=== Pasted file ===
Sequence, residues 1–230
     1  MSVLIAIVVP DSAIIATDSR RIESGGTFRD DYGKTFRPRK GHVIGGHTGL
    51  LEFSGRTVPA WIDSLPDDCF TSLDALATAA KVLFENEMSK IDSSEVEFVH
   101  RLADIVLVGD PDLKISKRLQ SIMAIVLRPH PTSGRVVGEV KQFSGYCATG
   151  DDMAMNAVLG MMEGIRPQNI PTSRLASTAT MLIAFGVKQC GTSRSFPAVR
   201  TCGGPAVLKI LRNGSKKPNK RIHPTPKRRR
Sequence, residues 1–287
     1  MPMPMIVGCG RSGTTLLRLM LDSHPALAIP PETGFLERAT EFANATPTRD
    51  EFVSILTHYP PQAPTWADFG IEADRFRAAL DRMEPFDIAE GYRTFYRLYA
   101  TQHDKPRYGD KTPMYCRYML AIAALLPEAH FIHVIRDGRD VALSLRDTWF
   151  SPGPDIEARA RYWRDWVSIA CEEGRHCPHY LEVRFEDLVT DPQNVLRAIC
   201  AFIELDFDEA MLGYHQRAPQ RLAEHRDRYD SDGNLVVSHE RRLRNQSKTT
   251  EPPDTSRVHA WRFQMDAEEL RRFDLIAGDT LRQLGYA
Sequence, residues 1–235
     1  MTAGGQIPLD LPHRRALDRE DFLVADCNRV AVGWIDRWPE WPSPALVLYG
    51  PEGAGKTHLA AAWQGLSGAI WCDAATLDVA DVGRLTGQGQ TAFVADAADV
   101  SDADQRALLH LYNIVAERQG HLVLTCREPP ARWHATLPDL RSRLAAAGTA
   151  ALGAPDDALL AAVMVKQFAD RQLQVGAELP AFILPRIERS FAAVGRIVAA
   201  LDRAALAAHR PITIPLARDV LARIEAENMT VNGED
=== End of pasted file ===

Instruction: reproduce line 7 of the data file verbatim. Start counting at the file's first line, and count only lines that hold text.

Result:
Sequence, residues 1–287